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It is the responsibility of all of us to make sure our community is free from sexual misconduct. The following strategies are provided to assist you in having healthy and safe sexual encounters and to avoid potentially dangerous situations.

Prevention: How to avoid committing sexual misconduct

If you find yourself in the position of being the initiator of sexual behavior, show respect to your potential partner and yourself. These suggestions may help you avoid committing and/or being accused of sexual misconduct:

  • Clearly communicate your intentions and give the other person a chance to clearly communicate his/her intentions to you.
  • Listen carefully. Take time to hear what the other person has to say. If you feel you are receiving unclear or conflicting messages from the other person, stop and defuse any sexual tension then discuss your intentions.
  • Do not assume that you have consent to sexual activity just because someone leaves or goes to a private location with you.
  • Understand and respect personal boundaries. Do not pressure a potential partner. Do not fall for the cliché if they say “No," they really mean “Yes." If the other person says, “No" to sexual activity, believe them and stop.
  • Don’t make assumptions about consent; someone’s sexual availability; whether they are attracted to you; how far you can go; or whether they are physically and/or mentally able to consent. If there are any questions or ambiguity, you DO NOT have consent. Stop and communicate.
  • Don’t take advantage of someone’s drunken, drugged or otherwise incapacitated state.
  • Realize that your potential partner could be intimidated by you. You may have a power advantage simply because of your gender, status or size. Don’t abuse that power.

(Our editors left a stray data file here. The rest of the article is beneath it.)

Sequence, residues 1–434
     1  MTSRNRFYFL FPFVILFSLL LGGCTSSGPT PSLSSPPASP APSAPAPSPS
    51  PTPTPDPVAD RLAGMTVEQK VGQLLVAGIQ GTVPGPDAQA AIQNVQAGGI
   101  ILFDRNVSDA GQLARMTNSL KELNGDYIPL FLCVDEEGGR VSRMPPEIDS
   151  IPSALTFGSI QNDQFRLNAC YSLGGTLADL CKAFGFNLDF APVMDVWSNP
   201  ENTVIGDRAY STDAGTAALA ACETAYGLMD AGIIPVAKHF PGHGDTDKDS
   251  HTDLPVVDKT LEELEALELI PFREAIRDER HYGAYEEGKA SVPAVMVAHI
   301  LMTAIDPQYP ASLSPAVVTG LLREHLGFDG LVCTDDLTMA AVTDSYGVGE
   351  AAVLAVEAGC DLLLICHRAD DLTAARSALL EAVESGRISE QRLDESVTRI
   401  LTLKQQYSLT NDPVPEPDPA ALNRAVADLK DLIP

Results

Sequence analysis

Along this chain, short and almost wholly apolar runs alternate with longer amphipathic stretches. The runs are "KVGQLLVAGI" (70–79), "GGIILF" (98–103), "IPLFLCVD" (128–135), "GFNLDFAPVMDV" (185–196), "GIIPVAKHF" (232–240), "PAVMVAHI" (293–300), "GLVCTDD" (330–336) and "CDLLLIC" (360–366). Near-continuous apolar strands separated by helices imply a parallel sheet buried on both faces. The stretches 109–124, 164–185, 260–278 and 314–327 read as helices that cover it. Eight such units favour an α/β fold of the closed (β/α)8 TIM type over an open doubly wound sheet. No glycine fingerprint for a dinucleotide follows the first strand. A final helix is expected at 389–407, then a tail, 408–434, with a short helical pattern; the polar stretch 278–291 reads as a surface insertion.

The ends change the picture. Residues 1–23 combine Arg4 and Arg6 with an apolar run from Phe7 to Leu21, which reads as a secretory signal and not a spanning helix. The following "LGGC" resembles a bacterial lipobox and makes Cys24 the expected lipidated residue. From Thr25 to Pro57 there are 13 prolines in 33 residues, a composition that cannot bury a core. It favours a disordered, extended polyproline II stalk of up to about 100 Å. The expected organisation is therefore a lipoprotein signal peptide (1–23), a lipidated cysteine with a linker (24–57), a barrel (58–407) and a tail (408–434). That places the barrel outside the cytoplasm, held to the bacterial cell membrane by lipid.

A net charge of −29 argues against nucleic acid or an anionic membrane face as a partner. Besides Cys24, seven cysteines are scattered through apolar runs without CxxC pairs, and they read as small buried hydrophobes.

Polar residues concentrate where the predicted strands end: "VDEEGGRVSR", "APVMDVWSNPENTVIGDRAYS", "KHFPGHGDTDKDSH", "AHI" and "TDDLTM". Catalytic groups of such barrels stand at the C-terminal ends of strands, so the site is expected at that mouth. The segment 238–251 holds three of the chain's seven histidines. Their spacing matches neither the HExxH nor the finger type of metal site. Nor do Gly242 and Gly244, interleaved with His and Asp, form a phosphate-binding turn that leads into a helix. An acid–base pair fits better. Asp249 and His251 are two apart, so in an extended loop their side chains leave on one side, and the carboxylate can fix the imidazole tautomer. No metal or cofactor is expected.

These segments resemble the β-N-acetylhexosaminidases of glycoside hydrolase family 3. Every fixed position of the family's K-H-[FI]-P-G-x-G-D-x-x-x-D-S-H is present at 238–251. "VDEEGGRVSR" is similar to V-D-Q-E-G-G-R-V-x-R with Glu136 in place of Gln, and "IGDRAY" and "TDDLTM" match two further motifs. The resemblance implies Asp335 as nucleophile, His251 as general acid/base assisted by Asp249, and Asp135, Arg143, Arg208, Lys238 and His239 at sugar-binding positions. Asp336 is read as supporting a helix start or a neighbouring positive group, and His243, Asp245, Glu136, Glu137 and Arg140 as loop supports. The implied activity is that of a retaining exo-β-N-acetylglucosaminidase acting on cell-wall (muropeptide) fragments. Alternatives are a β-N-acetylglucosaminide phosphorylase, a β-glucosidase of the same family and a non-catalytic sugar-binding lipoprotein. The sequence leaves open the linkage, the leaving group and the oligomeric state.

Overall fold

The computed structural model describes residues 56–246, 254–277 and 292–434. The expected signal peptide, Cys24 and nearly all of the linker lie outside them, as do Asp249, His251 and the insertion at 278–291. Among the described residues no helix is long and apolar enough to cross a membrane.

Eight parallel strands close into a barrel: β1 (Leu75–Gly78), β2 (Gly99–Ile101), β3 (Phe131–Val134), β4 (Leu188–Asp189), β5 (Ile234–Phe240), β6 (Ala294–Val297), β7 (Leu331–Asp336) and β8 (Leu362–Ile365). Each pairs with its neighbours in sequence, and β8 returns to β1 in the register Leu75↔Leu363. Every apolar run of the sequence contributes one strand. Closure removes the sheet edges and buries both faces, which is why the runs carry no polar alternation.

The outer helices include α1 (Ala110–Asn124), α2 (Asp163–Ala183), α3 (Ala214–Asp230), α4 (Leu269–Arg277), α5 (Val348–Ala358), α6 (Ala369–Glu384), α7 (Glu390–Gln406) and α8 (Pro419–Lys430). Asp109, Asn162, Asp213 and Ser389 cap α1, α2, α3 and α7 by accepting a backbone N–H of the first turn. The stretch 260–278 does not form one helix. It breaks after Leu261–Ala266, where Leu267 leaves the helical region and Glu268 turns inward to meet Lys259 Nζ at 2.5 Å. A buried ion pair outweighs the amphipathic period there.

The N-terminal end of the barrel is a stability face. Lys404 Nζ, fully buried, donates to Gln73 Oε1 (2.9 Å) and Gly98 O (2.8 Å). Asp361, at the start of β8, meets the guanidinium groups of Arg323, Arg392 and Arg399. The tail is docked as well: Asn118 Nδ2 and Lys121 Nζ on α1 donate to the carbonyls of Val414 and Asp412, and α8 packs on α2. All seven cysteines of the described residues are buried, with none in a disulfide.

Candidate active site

• Understand that consent to one form of sexual activity does not constitute consent for any other sexual activity.
  • Silence and passivity cannot be interpreted as an indication of consent. Read the other person carefully, paying attention to verbal and non‐verbal communication and body language. If it is not clear by the other person’s words and/or actions that he/she is a willing participant, you need to stop.

Protection Strategies: How to Mitigate Your Risk

  • It is never your fault if someone takes sexual advantage of you but there are things you can do to mitigate that risk. These strategies are provided with no intention to victim‐blame and with recognition that only those who commit sexual violence are responsible for such conduct.
  • Trust your instincts. If you feel uncomfortable or unsafe about a person or situation, trust your gut and remove yourself from the situation as soon as possible.
  • Be aware of your alcohol intake and/or other drug use and understand that alcohol and/or other drugs can impair your judgment and lower your sexual inhibitions. This could make you vulnerable to someone who views a drunk or high person as a sexual opportunity.
  • Don’t leave your drink unattended and don’t accept drinks from someone you don’t know or trust. If you’ve left your drink alone, get a new one.
  • Know your sexual limits and make them known as early as possible in a potential intimate situation.
  • If you do not want to engage in a particular activity, tell the other person “No" clearly and firmly.
  • Try to remove yourself from the physical presence of a sexual aggressor if you can do so safely. If someone is nearby, ask for help or, if it is safe to do so, text or call someone.
  • Watch out for your friends and ask that they do the same for you. A real friend will step in and challenge you if they see you are in a potentially dangerous situation. Respect them when they do. If a friend seems "out of it," is too intoxicated, or is acting out of character, get your friend to a safe place immediately.
  • Don’t go somewhere with someone you don’t know well. If you leave a party with a new friend, tell the friends you came with where you are going and when you are coming back.